Beyond Signs team are happy to announce the Deaf Gain masterclass held by Dorijana Kavčić!
The masterclass is going to take place on March 31st, from 14:00 until 16:00 hours CET, in front of a live audience in a venue kindly provided by the “Association of the Deaf and hard of hearing of the city of Zagreb“.
The Masterclass will be also available via Zoom to a total of 100 participants online. Participants will need to reserve their spot through this online form (English language).
The masterclass will be presented in spoken English, Croatian Sign Language and IS – International Sign.
What is Deaf Gain?

The term was introduced by Bauman and Murray in a 2009 article “Reframing: From Hearing Loss to Deaf Gain” and further elaborated in a 2014 book “Deaf gain – raising the stakes for human diversity”. It describes a sociological concept in approaching the Deaf community which emphasises their linguistic and cultural value within the broader community, as opposed to an outdated medical approach focused on repairing their impairment, with a chief aim of restoring full hearing capabilities.

In this Masterclass the lecturer Dorijana Kavčić will illustrate the current position of the Deaf community in Croatia and beyond. She will outline the fundamentals of interaction between the Deaf minority and hearing majority, as well as define key stakeholder roles in this interaction, i.e. the Deaf, the hearing and the interpreters. The matter will be presented from a sociological, linguistic and cultural point of view. The lecturer will elaborate on the uni-directional nature of current Deaf-hearing interaction, i.e. how meaning moves mostly from the hearing majority towards the Deaf minority, and will further illustrate how emphasising the importance of original utterances as opposed to interpreted meanings, art and artistic work can enable greater bi-directional contribution to the Deaf-hearing interaction.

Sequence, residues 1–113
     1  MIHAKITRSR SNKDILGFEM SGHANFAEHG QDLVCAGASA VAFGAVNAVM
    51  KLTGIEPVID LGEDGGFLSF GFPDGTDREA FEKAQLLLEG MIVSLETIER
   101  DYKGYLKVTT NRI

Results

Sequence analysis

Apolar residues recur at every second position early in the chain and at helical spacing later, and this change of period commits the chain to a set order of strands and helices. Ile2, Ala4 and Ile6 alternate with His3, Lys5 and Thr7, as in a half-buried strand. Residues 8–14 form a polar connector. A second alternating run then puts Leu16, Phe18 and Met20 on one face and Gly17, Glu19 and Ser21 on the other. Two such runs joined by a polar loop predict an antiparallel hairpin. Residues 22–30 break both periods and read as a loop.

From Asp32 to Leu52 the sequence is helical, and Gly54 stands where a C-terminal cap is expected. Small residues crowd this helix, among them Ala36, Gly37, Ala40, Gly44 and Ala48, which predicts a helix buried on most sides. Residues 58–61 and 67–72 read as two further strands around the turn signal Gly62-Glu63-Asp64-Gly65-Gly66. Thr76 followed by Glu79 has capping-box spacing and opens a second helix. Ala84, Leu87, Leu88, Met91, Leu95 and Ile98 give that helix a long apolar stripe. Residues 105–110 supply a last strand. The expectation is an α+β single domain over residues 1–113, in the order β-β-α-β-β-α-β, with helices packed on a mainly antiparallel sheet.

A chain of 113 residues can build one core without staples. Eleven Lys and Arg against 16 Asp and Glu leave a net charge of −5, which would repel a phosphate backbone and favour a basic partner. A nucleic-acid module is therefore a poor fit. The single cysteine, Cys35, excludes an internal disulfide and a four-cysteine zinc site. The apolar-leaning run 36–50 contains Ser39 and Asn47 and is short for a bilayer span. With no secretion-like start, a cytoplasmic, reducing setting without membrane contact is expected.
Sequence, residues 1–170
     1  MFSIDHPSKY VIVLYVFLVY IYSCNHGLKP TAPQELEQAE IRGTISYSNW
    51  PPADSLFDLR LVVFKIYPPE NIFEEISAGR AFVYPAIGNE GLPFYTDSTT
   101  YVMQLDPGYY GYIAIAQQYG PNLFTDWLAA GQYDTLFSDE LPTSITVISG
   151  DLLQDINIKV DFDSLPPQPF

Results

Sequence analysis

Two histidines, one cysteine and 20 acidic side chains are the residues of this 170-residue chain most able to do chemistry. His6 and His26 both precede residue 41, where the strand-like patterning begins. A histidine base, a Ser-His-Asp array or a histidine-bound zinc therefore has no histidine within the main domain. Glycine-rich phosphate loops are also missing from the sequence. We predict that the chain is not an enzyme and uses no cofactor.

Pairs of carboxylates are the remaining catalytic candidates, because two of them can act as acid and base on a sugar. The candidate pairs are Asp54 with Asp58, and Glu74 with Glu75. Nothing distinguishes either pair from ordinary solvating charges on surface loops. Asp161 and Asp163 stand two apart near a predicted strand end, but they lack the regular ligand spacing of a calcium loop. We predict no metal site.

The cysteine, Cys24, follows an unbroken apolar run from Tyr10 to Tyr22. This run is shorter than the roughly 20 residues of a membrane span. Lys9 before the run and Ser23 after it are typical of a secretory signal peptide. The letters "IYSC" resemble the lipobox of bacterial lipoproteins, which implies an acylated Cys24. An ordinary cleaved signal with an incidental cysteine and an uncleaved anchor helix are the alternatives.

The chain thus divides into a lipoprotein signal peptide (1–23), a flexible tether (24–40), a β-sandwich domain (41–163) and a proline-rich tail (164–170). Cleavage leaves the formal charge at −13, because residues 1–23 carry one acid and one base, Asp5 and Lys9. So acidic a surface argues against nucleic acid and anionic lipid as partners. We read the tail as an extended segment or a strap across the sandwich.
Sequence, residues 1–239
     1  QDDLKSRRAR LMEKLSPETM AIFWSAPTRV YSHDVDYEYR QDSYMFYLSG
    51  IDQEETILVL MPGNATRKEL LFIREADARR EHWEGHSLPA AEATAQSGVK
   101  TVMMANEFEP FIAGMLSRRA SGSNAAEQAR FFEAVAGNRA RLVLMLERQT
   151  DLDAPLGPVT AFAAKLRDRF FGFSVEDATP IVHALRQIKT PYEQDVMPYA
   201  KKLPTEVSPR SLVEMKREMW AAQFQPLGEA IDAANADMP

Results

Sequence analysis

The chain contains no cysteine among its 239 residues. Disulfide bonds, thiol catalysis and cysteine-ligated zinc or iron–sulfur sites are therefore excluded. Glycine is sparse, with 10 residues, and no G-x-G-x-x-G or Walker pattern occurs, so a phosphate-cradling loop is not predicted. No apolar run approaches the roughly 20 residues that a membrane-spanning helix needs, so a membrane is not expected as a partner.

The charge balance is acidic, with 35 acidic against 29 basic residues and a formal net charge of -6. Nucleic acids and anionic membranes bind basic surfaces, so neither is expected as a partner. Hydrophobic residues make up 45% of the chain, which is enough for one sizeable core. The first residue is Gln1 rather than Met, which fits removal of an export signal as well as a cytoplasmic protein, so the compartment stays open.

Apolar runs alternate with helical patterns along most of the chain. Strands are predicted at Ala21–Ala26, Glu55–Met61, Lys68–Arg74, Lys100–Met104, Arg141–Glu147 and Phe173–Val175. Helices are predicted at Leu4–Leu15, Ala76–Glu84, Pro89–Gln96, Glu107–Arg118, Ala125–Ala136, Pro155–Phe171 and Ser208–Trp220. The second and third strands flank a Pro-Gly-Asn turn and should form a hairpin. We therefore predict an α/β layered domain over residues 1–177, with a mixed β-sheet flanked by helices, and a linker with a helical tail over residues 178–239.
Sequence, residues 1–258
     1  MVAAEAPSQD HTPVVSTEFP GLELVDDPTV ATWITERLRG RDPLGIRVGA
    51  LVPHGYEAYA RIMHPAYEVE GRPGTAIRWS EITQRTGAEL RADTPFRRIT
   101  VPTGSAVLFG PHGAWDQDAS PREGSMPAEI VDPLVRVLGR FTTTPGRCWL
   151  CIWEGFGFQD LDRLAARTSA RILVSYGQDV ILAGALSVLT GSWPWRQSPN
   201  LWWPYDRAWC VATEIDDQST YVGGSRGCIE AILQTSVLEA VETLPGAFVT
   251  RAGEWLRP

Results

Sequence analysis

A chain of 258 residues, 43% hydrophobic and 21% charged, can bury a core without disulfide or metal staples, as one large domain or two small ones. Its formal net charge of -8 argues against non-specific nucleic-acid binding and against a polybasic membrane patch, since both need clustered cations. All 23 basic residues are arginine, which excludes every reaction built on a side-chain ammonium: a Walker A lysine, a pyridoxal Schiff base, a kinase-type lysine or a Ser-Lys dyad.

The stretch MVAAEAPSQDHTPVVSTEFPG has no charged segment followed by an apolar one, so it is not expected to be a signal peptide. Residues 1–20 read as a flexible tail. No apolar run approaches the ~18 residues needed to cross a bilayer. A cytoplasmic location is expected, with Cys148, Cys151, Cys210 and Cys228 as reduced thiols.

About the lecturer

Dorijana Kavčić is a linguist working on the description of Croatian Sign Language (HZJ), with a special interest in Sign Language linguistics. She is a PhD student at the Department of linguistics, in the Faculty of Humanities and Social Sciences at the University of Zagreb, and is a permanently employed HZJ interpreter. Being a CODA (child of Deaf adults), social scientist and interpreter, she is personally well aware of deep insufficiencies in literature related to the language and culture of the Deaf, as well as in education and educational materials made for interpreters, and in the overall acknowledgment of Deaf culture’s contribution to general society. She is determined to improve the linguistic status of HZJ and the overall profession of HZJ interpreters.